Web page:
The Japanese make a mean single malt whisky, as I’ve said many times before, and I’m always trying to get people to try some drams from Japan. This is my first taste of whisky from the Hakushu distillery, which is located deep in the forests of the Southern Japan Alps, where it seeks to take advantage of “clear air and cool, humid climate of Hakushu’s vast forests”. Naturally, being a fan of peated whiskies, but not having tried a serious one from Japan, I opted for a bottle of the Hakushu Heavily Peated.
Colour: a reasonably light amber, perhaps straw. On the nose: a surprisingly gentle smokiness and not the full whack you’d expect; there’s a distinct sweetness, mixed with briny notes. A touch of sour cream, too.
In the mouth: boom there’s the smoke, but an incredible brown-sugar sweetness to go with it and balance out the effects. What a lovely, chewy, peppery, mouth-watering sensation, so much so that the peat is quite understated and bound up with the whisky. Ever so slight touch of fennel perhaps (the mildest hint of aniseed)? Clean as a whistle, and fairly dry – not oily like some of the Islay peated whiskies. It doesn’t hang about in the mouth too long, but there’s a wonderful sugar-coated barley aftertaste. This is remarkably well constructed, a masterclass in balancing whisky, surely.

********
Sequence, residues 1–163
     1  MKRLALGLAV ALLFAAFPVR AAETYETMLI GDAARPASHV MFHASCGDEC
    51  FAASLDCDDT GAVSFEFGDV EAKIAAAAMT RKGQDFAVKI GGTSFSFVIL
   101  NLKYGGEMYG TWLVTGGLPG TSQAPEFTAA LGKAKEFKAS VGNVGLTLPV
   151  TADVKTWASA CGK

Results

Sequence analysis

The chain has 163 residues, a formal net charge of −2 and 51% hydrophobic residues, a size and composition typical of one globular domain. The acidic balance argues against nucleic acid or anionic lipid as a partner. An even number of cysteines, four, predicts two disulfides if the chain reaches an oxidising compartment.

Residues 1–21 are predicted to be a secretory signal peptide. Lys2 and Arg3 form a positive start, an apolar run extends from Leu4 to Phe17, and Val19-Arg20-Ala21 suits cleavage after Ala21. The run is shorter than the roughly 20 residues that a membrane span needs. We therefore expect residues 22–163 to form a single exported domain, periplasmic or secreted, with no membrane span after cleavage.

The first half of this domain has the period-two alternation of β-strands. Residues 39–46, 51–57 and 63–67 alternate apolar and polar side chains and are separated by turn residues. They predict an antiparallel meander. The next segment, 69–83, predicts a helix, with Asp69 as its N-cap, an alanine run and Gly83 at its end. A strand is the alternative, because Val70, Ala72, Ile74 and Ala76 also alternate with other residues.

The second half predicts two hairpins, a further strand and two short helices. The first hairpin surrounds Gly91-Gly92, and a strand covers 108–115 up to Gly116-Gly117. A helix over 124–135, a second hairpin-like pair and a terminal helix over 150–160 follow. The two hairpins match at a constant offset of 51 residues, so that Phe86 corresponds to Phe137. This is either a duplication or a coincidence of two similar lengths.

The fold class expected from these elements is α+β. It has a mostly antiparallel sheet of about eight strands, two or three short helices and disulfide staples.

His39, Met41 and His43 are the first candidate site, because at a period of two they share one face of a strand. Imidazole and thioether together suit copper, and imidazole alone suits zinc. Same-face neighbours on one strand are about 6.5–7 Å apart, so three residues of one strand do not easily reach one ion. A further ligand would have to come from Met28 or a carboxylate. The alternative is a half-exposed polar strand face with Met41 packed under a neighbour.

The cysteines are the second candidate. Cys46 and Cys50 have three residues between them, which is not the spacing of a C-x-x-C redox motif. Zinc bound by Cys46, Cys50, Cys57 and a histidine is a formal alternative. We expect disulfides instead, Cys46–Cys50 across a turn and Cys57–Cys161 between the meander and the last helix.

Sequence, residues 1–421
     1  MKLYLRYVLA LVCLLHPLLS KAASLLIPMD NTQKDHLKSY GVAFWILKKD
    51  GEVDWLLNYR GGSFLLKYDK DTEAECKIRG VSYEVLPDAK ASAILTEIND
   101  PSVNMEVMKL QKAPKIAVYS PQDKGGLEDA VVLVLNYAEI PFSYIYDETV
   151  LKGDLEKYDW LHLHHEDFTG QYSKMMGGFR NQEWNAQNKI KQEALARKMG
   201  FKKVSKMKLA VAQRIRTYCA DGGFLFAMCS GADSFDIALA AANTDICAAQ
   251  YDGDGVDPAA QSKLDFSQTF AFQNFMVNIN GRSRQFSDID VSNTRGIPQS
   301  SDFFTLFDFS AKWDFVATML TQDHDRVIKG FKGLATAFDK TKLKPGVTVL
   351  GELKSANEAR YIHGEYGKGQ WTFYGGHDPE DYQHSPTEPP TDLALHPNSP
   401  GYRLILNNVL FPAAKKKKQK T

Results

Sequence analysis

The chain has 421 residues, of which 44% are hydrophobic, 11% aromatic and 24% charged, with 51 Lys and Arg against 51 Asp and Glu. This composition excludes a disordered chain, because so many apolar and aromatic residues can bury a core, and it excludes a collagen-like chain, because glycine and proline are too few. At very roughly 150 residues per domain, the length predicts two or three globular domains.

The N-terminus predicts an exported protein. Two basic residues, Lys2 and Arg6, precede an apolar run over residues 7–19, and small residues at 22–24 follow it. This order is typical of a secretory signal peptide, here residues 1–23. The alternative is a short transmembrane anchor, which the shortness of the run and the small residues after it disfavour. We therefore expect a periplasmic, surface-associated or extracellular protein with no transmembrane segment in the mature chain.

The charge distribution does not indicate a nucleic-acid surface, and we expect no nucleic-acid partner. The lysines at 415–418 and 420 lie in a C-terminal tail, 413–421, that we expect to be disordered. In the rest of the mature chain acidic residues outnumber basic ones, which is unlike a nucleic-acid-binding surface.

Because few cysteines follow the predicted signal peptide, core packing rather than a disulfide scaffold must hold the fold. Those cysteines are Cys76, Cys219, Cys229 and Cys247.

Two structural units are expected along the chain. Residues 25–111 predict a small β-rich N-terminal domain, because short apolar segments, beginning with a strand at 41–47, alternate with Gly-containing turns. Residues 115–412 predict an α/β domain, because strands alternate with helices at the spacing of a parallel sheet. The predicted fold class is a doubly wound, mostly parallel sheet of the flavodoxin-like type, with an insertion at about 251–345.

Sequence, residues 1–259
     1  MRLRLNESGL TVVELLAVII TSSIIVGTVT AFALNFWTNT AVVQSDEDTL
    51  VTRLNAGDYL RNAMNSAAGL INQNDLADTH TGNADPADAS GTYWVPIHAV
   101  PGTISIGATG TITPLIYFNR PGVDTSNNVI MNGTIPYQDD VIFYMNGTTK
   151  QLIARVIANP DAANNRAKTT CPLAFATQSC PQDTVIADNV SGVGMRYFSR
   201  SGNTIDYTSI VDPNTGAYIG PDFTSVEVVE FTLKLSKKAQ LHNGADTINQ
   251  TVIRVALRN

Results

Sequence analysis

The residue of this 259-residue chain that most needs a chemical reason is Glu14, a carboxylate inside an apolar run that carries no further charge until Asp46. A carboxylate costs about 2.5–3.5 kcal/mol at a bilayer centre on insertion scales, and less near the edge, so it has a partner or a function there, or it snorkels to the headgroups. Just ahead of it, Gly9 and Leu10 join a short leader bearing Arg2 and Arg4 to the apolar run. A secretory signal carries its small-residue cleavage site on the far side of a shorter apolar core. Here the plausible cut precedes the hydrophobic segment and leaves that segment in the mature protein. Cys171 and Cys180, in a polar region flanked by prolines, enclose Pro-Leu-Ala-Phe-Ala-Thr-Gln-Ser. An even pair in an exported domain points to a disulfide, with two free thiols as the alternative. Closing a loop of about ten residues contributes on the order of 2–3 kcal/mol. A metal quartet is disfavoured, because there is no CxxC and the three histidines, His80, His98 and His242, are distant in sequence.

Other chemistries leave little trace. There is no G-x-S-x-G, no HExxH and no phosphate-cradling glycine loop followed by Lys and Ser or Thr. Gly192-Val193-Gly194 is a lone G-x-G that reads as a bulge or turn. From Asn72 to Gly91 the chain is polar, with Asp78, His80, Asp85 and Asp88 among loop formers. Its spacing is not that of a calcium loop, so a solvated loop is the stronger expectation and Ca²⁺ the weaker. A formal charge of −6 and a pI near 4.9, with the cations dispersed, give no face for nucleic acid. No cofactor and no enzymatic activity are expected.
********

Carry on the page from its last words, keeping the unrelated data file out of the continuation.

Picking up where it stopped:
For some reason, I can’t help but think this would be the perfect winter whisky. It’ll set you back around £65 – pricy for most, perhaps, but the evenings are drawing nearer, so you could treat yourself… I’ve really not been let down by any Japanese single malt I’ve tried to date.
To finish, it’s worth adding that the Hakushu distillery is owned by Suntory, so it merits a final word from Bill Murray: